Market Brief: July 29, 2020

A daily summary of news, analysis and data shaping the market.
Market Brief
Wednesday, July 29, 2020
Fed Relief. Stocks ended solidly higher Wednesday after the Federal Reserve left its benchmark interest rate unchanged near zero and Fed Chairman Jerome Powell pledged to provide support to the economy until it recovered. The S&P 500 rose 1.2% to finish near 3258. The Dow Jones Industrial Average advanced 160 points, or 0.6%, to 26,540, based on preliminary numbers. The Nasdaq Composite gained 1.4% to close at 10,543. All three indexes flipped positive for the week. Investors also watched proceedings in Congress as top executives from the world’s largest tech firms were grilled by lawmakers over their business practices. General Electric shares were down 4.3% after the diversified industrial conglomerate reported a wider-than-expected second-quarter loss.
DJIA 26,539.57 160.29
S&P 500 3,258.44 40.00
NASDAQ 10,542.94 140.85
US 10-Year Note 0.57 -0.01
Dollar Index 93.34 -0.35
Crude Oil 41.29 0.25
Gold 1,962.10 17.50
Global Dow 2,978.36 6.57
Powered by Dow Jones Research, FactSet, Eurostat, SIX Financial Information.
The Fed Says It Will Keep Easy Money Flowing
The Federal Reserve reiterated Wednesday that investors can count on interest rates being at or near zero in the coming years as the central bank works to support the U.S. economy through the coronavirus pandemic.

In its statement following a two-day meeting that concluded Wednesday, the Fed’s policy-setting arm, the Federal Open Market Committee, said economic activity and employment have “picked up somewhat in recent months” following sharp declines but “remain well below their levels at the beginning of the year.”

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What to Expect From the Worst GDP Report of All Time
Since the pandemic-related trough, America’s recovery over the past few months has been robust in some sectors, most notably retail sales, but much weaker in others. The overall result is that average output in the April-June period was substantially lower in the January-March period.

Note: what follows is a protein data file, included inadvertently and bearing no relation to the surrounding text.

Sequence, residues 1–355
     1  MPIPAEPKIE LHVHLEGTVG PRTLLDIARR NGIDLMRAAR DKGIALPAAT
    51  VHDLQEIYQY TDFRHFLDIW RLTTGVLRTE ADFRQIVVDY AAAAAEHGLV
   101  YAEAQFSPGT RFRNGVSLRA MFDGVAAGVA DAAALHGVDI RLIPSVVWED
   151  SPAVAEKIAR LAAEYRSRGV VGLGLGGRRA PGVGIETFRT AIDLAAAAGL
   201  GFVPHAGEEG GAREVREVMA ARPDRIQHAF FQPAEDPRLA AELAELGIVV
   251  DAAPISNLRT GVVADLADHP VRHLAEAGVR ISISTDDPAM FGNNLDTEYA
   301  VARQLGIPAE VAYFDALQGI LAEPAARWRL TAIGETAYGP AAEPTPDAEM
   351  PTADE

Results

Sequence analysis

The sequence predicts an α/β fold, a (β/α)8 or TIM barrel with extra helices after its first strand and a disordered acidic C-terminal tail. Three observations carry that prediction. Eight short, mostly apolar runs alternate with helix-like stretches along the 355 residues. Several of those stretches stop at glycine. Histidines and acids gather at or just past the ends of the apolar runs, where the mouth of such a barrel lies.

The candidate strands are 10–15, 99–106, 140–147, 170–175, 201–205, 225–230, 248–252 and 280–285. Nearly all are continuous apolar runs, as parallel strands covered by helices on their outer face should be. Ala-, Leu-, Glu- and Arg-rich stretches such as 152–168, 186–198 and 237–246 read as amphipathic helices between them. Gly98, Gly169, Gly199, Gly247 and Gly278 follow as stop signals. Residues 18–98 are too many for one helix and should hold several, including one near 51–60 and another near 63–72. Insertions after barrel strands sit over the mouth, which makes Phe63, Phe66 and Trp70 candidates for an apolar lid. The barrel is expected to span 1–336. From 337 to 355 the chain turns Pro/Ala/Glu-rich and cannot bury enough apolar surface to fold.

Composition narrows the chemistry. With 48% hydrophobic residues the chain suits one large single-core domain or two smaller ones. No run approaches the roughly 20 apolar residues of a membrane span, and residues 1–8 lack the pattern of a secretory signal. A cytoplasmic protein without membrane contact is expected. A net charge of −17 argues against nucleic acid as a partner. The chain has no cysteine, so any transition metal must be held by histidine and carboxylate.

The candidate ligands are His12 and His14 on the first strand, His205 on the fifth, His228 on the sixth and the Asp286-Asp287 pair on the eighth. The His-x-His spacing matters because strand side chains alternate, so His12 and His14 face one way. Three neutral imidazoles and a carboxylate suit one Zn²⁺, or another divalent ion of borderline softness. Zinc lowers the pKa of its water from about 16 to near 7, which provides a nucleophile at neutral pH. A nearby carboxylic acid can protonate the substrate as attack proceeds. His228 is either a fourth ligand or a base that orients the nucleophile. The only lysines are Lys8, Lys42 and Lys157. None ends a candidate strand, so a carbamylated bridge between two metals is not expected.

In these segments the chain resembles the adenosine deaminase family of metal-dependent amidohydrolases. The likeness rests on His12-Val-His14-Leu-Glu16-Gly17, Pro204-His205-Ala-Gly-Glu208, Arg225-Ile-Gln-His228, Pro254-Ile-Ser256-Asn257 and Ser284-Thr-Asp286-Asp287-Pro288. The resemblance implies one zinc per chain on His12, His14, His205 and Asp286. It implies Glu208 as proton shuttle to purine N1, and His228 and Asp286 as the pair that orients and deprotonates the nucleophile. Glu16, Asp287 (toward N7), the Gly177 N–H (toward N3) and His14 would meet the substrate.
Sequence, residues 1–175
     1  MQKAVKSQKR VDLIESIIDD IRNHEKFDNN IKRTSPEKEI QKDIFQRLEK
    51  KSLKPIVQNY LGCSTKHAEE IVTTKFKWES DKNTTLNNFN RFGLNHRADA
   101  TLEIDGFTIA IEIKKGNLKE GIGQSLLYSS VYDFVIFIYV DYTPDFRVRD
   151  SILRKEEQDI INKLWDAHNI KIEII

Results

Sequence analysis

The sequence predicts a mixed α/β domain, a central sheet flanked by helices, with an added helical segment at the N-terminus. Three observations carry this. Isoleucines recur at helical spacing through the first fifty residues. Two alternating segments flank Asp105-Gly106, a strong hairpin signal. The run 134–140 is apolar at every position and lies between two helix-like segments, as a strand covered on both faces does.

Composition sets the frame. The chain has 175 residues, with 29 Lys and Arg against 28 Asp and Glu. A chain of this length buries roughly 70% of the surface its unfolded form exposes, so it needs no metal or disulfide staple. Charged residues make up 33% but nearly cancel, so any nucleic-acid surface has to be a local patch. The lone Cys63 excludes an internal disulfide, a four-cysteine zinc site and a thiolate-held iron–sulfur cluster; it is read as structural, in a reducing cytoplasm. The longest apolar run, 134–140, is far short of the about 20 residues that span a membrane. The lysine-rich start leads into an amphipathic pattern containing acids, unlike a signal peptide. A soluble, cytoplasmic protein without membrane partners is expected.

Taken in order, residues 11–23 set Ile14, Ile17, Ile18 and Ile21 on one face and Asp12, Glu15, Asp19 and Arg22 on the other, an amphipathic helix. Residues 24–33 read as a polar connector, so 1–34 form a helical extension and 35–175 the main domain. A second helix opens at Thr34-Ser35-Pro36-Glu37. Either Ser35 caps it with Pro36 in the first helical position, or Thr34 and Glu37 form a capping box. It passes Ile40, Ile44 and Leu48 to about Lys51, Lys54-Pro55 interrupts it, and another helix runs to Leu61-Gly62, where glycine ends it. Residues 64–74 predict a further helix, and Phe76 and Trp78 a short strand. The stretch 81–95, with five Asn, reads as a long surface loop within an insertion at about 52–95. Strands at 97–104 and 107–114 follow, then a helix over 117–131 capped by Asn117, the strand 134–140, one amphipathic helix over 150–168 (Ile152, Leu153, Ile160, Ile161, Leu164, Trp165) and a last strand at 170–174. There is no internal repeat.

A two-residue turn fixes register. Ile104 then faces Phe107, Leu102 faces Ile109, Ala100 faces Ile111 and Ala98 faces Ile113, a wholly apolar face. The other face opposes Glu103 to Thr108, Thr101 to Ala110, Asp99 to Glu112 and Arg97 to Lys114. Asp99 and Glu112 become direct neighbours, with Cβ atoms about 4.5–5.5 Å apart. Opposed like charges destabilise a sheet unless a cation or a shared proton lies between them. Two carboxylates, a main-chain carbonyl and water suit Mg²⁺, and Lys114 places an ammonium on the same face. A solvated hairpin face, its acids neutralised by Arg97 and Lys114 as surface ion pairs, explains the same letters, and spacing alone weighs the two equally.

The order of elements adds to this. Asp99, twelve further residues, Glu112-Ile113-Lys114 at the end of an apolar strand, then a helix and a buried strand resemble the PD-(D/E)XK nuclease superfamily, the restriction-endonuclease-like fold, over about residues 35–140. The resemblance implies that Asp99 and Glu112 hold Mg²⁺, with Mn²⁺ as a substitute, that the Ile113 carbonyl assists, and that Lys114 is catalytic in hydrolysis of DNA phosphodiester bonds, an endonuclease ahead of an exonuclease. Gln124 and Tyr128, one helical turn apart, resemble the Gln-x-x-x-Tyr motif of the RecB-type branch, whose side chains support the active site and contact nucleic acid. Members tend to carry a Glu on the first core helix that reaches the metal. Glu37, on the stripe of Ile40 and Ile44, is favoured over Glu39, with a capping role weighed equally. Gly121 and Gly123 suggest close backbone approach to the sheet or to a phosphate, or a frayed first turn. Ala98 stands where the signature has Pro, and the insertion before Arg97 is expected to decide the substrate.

This is going to show up as a massive decline in second-quarter U.S. gross domestic product when the initial cut of the data is released Thursday. The Federal Reserve Bank of Atlanta, for example, estimates that the change in GDP from Q1 to Q2 will be minus 34% at an annual rate, which would vastly outstrip anything in the historical record.

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Tech CEOs Are Testifying Today. Here Are the Takeaways From Their Opening Statements.
The opening statements from the four tech CEOs who will testify during the House hearing Wednesday about “Online Platforms and Market Power” say a lot about their style—and what they’re worried about heading into the proceedings.

Late Tuesday, the House Judiciary Committee posted the opening statements from the four executives— Alphabet CEO Sundar Pichai,’s Jeff Bezos, Apple’s Tim Cook, and Mark Zuckerberg at Facebook. All four stress that their companies create thousands or even millions of jobs, many for Americans. All talk about the power of entrepreneurship, and all talk about the intensely competitive markets they face. But there are differences in approach that illustrate the positions their companies find themselves in.

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GE’s Earnings Were Weak, but Cash Management Was Great
Industrial conglomerate General Electric reported terrible earnings as the pandemic raged through the global industrial economy in the second quarter. But investors knew earnings would be terrible, and the company made progress on debt, costs, and cash flow.

GE said it lost 15 cents a share on $17.7 billion in sales. Analysts were looking for a loss of 10 cents on $17 billion in sales. It’s an earnings shortfall, but the company did far better on cash management than expected.

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Boeing’s Results Fall Short
Aerospace and defense giant Boeing reported terrible results Wednesday morning. The stock rose initially in premarket trading but quickly erased those gains.